How six jugs link Chatsworth with a Sheffield council estate

The Chatsworth ceramics
The Chatsworth ceramics
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ONE HAS entertained aristocracy from around the world and boasts Queen Victoria and Charles Dickens among its admirers, while the other was once declared a ‘no-go zone’ by a breakdown recovery firm.

On the surface, the grandeur of Chatsworth house and gardens may seem to have little in common with Sheffield’s biggest council estate, but a new set of artwork is shining light on the historic links between the two.

Ceramic specialist Emilie Taylor has spent the past year exploring the connection between one of the home of the Duke and Duchess of Devonshire with Manor Lodge, a Tudor relic in the heart of the inner-city neighbourhood which ranks among the most-deprived in England, The pair are linked by Bess of Hardwick who persuaded her husband Sir William to buy Chatsworth and re-locate from a medieval hunting lodge in Sheffield in 1549.

It was a link oft overlooked when Emilie embarked on her year-long residency, which began with a trip to Denmark to learn the art of wood-firing, which allowed her to use a specially-built kiln back at Manor Lodge, now run by social enterprise the Green Estate.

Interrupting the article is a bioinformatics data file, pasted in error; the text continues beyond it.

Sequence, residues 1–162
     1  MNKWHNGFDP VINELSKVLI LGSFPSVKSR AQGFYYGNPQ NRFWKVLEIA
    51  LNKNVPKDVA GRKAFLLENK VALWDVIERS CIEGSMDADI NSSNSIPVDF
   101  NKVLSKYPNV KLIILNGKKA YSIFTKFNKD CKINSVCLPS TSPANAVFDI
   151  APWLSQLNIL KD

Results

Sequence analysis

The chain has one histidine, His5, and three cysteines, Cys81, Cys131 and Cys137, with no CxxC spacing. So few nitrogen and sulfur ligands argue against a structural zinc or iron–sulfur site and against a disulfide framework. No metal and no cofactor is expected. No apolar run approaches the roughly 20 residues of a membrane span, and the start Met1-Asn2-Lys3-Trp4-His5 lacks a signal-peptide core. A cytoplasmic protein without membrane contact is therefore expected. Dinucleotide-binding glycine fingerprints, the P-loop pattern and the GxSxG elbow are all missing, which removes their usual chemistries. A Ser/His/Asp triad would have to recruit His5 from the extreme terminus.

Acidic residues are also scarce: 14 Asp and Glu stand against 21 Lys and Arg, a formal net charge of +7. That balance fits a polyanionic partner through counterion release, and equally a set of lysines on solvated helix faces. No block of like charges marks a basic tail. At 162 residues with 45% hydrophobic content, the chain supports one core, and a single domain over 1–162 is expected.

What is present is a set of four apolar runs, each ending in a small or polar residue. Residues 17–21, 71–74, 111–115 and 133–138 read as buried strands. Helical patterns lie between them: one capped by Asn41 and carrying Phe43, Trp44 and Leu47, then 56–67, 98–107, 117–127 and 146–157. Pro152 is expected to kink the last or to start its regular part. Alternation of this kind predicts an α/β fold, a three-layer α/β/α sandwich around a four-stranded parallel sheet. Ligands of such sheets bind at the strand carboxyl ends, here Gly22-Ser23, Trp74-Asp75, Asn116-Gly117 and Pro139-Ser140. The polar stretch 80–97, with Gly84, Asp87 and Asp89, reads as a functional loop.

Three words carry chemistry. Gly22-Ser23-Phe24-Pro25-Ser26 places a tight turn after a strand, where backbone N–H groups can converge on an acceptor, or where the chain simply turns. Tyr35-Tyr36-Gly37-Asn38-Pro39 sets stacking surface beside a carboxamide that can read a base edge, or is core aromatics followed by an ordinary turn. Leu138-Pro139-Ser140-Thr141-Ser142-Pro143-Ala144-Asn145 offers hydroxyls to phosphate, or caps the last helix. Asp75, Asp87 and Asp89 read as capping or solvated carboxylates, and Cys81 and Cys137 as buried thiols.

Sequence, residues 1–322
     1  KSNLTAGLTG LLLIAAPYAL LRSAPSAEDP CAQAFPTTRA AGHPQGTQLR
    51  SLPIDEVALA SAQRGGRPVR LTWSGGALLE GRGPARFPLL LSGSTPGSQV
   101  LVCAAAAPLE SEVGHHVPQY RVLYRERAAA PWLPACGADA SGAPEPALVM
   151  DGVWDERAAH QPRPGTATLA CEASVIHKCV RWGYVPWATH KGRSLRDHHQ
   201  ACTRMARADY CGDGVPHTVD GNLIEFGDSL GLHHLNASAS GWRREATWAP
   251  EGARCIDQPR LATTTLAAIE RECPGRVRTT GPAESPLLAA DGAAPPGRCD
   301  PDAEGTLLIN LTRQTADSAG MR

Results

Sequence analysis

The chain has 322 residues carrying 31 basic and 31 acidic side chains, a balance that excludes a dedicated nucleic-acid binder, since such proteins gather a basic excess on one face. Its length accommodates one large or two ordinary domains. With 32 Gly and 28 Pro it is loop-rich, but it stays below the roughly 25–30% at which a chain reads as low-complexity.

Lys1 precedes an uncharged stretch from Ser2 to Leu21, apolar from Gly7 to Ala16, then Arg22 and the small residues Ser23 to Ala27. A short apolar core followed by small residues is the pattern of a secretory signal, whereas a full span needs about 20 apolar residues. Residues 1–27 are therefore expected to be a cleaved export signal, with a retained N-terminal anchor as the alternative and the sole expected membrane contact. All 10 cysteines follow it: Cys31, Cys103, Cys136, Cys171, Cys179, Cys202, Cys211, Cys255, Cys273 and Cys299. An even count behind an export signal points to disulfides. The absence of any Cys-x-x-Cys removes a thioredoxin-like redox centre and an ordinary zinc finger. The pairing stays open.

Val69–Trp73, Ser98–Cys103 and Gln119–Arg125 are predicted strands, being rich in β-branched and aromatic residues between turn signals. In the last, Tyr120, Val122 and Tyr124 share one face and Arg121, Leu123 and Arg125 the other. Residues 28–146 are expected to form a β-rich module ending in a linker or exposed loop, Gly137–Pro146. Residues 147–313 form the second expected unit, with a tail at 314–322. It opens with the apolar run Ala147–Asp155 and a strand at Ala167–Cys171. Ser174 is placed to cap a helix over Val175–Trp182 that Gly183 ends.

The result is a set of six ceramic harvest jugs, taking inspiration from the ancient Greek deities on the painted ceilings of Chatsworth, particularly Verrrio’s ‘Return to the Forgotten Golden Age’ and giving them a 21st Century twist.

Sheffield-based Miss Taylor, whose grandmother grew up in Manor, said: “As I moved between the two estates I was struck by this idea of the golden age.

“Chatsworth has this overwhelming amount of stuff yet we are living in the age of austerity. It is interesting to see how separate things have become.

“It’s not about being combative but just bringing those worlds together again. The gold lustre of the past and the iron oxide of the present sit side by side on my pots.”

The 34-year-old says her experience of working with young people of the Manor was a world away from the area once described as the ‘worst estate in Britain’ by Roy Hattersley in the nineties. Members of Park Youth Club helped to create a large clay vessel, the sides of which are decorated with images of the young people recreating the poses of the gods and goddesses of the Chatsworth ceiling, etched with the words ‘believe in other people’.

The Duke of Devonshire said: “Despite the differences between the estates, at heart they share the same values; community, a link between place and those who inhabit it, access to beauty, and the use and reuse of local resources.”

“Today the Manor is known as much for being a place of positive actions and a destination site without stigma, as it was as a seriously failing neighbourhood and a no go area,” added Sue France, chief executive of Green Estates.

Miss Taylor hopes the work will pay tribute to the strong women who helped to inspire it, particularly Deborah, Dowager Duchess of Devonshire, who passed away earlier this month.

“The strength of women in driving these estates interested me a lot. Bess of Hardwick had such a powerful impact and the Dowager Duchess made Chatsworth what it is today,” she said.

The Hymn to Persephone exhibition is on display in Chatsworth house until November 7, after which harvest jugs will be brought to the Manor to be exhibited locally.